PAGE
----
Orange is the New Black is the new black, at least as far as Netflix viewers are concerned. The women-in-prison dramedy may have premiered in 2013, but it’s still got viewers hooked. Just as they did in 2017, HighSpeedInternet.com took a deep dive into Netflix analytics using Google Trends to find out which shows people in each state were searching Netflix for throughout the year. While there was a little bit of crossover between 2016 and 2017, new series like American Vandal and Mindhunter gave viewers a host of new content. But that didn’t stop Orange is the New Black from dominating the map; it was the most searched show in 15 states.

Coming in at a faraway second place was American Vandal, a new true crime satire that captured the attention of five states (Illinois, Kansas, Massachusetts, Minnesota, and Wisconsin). Even more impressive is the fact that the series premiered in mid-September, meaning that it found a large and rabid audience in a very short amount of time.

Folks in Alaska, Colorado, and Oregon were all destined to be disappointed; Star Trek: Discovery was the most searched-for series in each of these states, but it’s not yet available on Netflix in America (you’ve got to get CBS All Access for that, folks). Fourteen states broke the mold a bit with shows that were unique to their state only; this included Big Mouth in Delaware, The Keepers in Maryland, The OA in Pennsylvania, GLOW in Rhode Island, and Black Mirror in Hawaii.

Check out the map above to see if your favorite Netflix binge-watch matches up with your neighbors'. For more detailed findings, visit HighSpeedInternet.com.

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Afternoon Map
Monthly Internet Costs in Every Country

Thanks to the internet, people around the world can conduct global research, trade tips, and find faraway friends without ever leaving their couch. Not everyone pays the same price for these digital privileges, though, according to new data visualizations spotted by Thrillist.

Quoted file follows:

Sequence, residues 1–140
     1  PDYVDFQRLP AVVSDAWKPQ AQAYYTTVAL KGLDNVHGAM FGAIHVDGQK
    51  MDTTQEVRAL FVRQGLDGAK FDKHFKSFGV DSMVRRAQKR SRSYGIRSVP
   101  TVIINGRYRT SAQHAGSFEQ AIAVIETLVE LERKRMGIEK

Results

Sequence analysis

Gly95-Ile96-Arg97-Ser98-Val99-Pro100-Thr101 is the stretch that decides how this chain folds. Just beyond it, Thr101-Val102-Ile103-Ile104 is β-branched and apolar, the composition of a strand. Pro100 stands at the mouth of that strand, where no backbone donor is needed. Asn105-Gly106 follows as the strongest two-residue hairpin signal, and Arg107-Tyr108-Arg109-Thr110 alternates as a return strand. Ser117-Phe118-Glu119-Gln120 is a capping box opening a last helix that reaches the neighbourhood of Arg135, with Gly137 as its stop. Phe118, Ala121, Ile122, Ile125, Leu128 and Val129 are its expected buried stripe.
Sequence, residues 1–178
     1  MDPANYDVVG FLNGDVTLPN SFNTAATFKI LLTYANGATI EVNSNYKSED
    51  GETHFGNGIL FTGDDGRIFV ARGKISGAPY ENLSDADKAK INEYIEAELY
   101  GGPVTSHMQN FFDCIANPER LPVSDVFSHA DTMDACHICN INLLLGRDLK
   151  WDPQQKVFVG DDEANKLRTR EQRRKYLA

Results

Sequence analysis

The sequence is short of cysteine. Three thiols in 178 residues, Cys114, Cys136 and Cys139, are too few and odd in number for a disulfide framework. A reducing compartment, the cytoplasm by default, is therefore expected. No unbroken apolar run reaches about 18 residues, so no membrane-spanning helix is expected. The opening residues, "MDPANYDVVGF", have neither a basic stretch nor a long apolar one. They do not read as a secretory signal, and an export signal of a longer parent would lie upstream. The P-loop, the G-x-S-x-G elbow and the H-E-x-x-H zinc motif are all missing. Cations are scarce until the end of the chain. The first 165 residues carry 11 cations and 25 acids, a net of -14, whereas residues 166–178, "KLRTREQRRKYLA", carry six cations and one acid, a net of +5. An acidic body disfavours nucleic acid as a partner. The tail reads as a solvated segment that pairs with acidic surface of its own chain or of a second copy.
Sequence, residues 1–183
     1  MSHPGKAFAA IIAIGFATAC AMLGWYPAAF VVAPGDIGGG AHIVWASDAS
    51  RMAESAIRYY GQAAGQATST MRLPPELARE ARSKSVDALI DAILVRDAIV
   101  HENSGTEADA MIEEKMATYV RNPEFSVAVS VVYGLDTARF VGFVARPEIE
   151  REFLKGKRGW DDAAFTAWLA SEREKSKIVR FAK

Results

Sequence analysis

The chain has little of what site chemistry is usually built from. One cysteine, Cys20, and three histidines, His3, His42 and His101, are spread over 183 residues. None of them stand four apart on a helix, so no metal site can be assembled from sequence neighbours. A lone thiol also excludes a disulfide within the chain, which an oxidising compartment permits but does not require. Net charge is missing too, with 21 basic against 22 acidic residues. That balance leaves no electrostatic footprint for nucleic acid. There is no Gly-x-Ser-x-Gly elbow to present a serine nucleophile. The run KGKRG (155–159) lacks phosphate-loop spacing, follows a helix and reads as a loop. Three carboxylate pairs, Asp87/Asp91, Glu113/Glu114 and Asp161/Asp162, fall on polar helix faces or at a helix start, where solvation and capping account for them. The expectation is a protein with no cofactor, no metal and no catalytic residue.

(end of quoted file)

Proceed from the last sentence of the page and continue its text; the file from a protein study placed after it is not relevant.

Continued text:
To compare internet user prices in each country, cost information site HowMuch.net created a series of maps. The data comes courtesy of English market research consultancy BDRC and Cable.co.uk, which teamed up to analyze 3351 broadband packages in 196 nations between August 18, 2017 and October 12, 2017.

In the U.S., for example, the average cost for internet service is $66 per month. That’s substantially more than what browsers pay in neighboring Mexico ($27) and Canada ($55). Still, we don’t have it bad compared to either Namibia or Burkina Faso, where users shell out a staggering $464 and $924, respectively, for monthly broadband access. In fact, internet in the U.S. is far cheaper than what residents in 113 countries pay, including those in Saudi Arabia ($84), Indonesia ($72), and Greenland ($84).

On average, internet costs in Asia and Russia tend to be among the lowest, while access is prohibitively expensive in sub-Saharan Africa and in certain parts of Oceania. As for the world’s cheapest internet, you’ll find it in Ukraine and Iran.

Check out the maps below for more broadband insights, or view HowMuch.net’s full findings here.

Map of Internet costs in each country created by information site HowMuch.net.
HowMuch.net

Map of Internet costs in each country created by information site HowMuch.net.
HowMuch.net

Map of Internet costs in each country created by information site HowMuch.net.
HowMuch.net

Map of Internet costs in each country created by information site HowMuch.net.
HowMuch.net

Map of Internet costs in each country created by information site HowMuch.net.
HowMuch.net

[h/t Thrillist]